VA Unprepared to Deal with a Second Wave of COVID-19, Top Officials Say

PFC Floyd K Lindstrom VA Clinic coronavirus 3200
Testing for COVID-19 for veterans is up outside PFC Floyd K. Lindstrom Department of Veterans Affairs Clinic in Colorado Springs, Colo., Thursday, April 2, 2020. (Jerilee Bennett/The Gazette via AP)

The Department of Veterans Affairs is saddled with an antiquated supply chain that is short of personal protective equipment (PPE) -- including N-95 masks and gowns -- swabs and other vital equipment to deal with a second wave of the COVID-19 pandemic, VA officials said Tuesday.

The VA's health care system currently has about a 30-day supply of protective gear on hand, but would need a supply backstop of at least 60 days or possibly six months to cope with a resurgence of the novel coronavirus in the fall, said Dr. Richard Stone, acting head of the Veterans Health Administration.

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At a hearing of the Senate Veterans Affairs Committee, Sen. Jon Tester, D-Montana, asked, "So, Dr. Stone, we're not where we need to be?"

Stone replied, "That is correct."

In his testimony, he added, "We recognize that a future pandemic wave may test all of us" in terms of the demand for adequate supplies for health care workers to protect themselves and treat patients.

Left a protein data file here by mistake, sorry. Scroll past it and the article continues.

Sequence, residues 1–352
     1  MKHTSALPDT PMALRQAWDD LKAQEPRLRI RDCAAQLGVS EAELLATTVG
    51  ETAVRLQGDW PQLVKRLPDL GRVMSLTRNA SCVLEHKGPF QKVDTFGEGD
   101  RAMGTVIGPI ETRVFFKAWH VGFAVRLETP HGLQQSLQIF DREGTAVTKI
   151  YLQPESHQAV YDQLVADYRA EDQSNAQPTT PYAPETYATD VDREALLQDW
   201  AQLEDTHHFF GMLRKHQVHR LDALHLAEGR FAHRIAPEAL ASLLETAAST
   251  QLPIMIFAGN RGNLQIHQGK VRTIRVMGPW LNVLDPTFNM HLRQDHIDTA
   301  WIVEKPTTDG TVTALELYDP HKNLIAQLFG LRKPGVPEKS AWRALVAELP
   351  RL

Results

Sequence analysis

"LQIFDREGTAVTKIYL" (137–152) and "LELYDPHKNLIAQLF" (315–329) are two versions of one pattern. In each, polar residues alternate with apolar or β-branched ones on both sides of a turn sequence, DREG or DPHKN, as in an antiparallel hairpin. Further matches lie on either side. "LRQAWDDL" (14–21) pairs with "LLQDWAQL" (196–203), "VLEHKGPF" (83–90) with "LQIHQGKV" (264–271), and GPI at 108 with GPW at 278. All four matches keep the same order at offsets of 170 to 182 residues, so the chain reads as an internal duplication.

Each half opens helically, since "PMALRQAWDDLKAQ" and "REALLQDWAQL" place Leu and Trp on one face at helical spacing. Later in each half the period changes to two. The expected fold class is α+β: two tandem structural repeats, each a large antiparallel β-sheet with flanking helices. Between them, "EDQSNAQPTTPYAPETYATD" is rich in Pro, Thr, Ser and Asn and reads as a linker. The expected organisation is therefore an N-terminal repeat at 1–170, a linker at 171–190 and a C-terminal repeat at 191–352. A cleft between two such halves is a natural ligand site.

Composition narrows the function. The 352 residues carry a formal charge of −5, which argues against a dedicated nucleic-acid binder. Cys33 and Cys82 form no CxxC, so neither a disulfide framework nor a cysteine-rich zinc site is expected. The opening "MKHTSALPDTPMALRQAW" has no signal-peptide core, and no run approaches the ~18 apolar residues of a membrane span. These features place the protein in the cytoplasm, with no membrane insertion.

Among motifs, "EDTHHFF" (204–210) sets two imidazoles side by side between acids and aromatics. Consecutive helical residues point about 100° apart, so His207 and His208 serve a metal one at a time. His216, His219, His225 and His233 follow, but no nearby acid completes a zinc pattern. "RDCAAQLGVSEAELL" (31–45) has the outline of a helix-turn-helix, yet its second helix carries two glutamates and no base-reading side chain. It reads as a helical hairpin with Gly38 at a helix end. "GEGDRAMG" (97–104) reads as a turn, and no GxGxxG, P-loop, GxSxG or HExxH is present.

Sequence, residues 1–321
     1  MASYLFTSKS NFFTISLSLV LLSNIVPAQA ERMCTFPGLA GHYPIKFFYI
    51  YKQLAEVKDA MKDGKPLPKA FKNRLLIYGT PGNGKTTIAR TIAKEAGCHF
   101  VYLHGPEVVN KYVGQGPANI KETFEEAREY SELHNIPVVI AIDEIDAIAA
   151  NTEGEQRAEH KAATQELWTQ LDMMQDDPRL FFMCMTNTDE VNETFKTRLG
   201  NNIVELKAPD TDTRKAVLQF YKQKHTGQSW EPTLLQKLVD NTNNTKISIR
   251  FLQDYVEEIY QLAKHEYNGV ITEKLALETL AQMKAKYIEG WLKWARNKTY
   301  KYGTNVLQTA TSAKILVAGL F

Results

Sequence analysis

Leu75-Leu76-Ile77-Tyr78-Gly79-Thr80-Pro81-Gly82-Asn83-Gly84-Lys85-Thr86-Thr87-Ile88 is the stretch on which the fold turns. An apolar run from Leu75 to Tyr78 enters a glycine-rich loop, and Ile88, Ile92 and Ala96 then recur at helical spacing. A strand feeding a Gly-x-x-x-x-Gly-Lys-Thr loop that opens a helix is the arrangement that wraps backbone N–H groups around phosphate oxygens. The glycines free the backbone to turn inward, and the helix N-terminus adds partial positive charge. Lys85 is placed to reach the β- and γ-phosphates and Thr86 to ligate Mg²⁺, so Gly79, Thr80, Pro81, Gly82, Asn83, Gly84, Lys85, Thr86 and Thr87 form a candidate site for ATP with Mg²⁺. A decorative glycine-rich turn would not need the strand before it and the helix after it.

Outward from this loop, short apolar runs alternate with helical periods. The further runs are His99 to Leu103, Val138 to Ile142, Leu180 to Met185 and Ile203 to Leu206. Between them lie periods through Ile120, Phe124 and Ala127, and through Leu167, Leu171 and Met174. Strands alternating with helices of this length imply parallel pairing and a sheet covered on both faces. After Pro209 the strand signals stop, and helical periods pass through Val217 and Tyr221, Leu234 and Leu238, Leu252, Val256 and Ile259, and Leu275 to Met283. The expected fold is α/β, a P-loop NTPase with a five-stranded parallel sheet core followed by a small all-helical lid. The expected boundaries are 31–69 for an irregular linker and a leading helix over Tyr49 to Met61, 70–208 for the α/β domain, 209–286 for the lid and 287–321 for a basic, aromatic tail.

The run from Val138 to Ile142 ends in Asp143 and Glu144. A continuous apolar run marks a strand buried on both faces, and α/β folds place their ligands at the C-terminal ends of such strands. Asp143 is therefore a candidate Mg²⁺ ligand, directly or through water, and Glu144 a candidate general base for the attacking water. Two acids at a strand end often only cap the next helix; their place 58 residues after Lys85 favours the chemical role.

For decades, the VA has relied on a "just in time" supply chain for deliveries that has been severely strained by the current pandemic, Stone said.

"This system has not delivered the response necessary," he said, but stressed that health care workers are adequately protected despite the shortcomings.

"Just in time for PPE is not the way to go," said Deborah Kramer, the acting under secretary for Health for Support Services at the VHA, who joined Stone at the hearing.

"The supply chain system is still broken," she said, and the capacity of America's manufacturers to meet the demand for PPE "has not caught up to the requirement."

Sen. Mazie Hirono, D-Hawaii, noted that at least 33 VA health care workers had died of the virus, but Stone said there is no evidence as yet that the deaths were attributable to a lack of protective gear.

"It is impossible for any of us to understand how these employees got this disease" at this point, he said.

To suggest that "we have endangered personnel is just not borne out by the facts," Stone added.

He said that "no facility at VA ever ran out of protective equipment" despite staff and union reports of shortages that forced the re-use of protective gear.

Stone said the death rates for health care workers in Italy and Spain during the pandemic were above 10%, but 0.8% for the VA.

The low death rate amounted to "doing a good job in protecting our workers," he said.

-- Richard Sisk can be reached at

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